In July, hearts and happy faces floated up as the Choral Arts Society of Washington streamed a pep rally-like “Journey to Awe” on Facebook Live. Choral Arts is now selling virtual season subscriptions, with the first event, “Día de los Muertos: Featuring Brahms’s Requiem,” co-presented with the New Orchestra of Washington, in October. The Cathedral Choral Society’s virtual season, called CCS Presents, will stream concerts, clips and interviews on its YouTube channel and Facebook page, with new content on the first Thursday of every month.

While virtual programming has blossomed, there have been few attempts to return to live, in-person performance. Alexandria, Virginia, appears to be the area leader, with outdoor, small-ensemble performances by Alexandria Symphony Orchestra members planned for this fall and the 18-concert Sounds of Hope & Harmony series successfully launched in the Rectory’s secret garden by orchestra tour company Classical Movements.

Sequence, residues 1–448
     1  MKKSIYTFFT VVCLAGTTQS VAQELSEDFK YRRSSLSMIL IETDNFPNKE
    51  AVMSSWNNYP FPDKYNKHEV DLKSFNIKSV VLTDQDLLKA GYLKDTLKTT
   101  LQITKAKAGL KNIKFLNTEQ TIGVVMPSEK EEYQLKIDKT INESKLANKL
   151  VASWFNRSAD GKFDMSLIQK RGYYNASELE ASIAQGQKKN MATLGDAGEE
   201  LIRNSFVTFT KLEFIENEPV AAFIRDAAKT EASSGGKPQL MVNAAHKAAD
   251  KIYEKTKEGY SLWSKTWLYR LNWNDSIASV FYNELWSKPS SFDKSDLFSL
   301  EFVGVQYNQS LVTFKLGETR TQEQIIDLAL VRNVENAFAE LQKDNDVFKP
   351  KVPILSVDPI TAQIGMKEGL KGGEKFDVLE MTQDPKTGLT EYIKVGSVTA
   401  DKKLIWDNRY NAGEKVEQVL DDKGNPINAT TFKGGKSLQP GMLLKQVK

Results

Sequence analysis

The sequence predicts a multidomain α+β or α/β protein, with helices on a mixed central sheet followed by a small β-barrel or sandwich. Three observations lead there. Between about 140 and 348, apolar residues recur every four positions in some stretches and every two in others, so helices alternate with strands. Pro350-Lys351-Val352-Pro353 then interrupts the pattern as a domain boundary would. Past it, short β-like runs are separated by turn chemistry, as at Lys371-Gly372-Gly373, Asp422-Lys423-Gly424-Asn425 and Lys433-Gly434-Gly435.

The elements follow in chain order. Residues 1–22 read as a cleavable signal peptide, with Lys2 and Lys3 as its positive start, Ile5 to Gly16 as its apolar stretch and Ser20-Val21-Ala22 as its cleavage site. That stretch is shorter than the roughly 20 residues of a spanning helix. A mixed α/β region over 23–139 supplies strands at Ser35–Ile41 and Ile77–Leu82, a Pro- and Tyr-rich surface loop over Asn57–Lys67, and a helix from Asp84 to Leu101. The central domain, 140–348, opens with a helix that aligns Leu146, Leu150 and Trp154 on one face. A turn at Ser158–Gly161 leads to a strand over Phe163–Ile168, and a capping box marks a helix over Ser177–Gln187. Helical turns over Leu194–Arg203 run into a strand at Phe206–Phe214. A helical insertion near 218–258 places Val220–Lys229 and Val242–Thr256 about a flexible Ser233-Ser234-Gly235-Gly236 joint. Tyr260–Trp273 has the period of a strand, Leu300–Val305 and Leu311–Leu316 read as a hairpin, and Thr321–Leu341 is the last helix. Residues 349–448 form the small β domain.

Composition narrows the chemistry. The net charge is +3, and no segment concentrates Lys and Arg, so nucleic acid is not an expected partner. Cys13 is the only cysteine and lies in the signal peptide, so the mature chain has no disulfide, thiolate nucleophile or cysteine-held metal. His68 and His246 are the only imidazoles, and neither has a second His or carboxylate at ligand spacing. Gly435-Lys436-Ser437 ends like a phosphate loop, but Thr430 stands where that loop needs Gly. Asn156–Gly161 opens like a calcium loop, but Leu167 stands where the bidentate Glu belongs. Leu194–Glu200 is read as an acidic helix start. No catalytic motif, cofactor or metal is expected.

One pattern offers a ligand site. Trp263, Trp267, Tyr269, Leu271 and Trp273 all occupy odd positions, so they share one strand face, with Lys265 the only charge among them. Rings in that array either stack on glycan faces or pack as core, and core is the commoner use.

The Georgetowner asked several leading figures in D.C. theater to suggest some silver linings of the pandemic, even as it has stolen the livelihood of countless musicians, actors, dancers and other arts workers and threatened the very future of many performing arts organizations.

Studio Theatre has not yet released its season plans, but Artistic Director David Muse said: “I don’t mind sharing that I’m excited by how much unexplored territory there is for Studio … like virtual/in-person hybrids, audio work, installation-based theater, all of which is new to us.” Likewise for Simon Godwin, Shakespeare Theatre Company artistic director, who commented: “For the upcoming 2020-21 season … we plan to celebrate the universality of Shakespeare by embracing radical strategies that marry contemporary technology and classical plays.”